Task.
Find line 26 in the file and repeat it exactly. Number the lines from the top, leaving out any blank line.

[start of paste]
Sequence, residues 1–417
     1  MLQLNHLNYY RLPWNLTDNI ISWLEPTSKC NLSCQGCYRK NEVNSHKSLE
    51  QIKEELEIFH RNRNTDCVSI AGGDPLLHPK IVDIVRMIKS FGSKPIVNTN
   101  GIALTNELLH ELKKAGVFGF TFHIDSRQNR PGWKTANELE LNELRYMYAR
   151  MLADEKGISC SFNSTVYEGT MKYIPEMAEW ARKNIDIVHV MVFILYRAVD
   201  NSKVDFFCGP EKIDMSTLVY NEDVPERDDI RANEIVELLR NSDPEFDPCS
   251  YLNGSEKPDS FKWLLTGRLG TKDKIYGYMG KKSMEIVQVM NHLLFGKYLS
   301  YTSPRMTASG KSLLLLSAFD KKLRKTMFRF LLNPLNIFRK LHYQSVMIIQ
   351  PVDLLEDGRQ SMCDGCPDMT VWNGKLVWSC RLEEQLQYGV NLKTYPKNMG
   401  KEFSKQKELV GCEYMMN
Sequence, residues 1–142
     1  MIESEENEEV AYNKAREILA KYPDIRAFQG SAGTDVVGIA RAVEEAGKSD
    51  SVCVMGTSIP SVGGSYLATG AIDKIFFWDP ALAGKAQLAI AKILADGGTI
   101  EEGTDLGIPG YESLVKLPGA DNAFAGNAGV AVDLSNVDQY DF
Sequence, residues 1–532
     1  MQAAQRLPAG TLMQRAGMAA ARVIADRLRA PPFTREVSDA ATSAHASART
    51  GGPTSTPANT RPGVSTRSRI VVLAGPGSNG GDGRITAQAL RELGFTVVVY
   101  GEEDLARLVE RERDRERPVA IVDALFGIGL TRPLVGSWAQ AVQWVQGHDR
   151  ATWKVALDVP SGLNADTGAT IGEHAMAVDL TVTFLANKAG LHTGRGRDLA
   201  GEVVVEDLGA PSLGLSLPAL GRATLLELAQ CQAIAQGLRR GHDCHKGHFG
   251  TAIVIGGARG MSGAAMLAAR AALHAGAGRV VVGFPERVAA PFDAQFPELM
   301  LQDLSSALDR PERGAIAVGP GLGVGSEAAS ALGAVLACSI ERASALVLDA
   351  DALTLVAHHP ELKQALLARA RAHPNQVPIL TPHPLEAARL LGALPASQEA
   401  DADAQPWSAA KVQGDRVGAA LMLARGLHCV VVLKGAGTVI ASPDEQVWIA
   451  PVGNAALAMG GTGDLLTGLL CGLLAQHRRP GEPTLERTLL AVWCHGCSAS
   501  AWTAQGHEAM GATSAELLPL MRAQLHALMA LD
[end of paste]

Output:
   501  AWTAQGHEAM GATSAELLPL MRAQLHALMA LD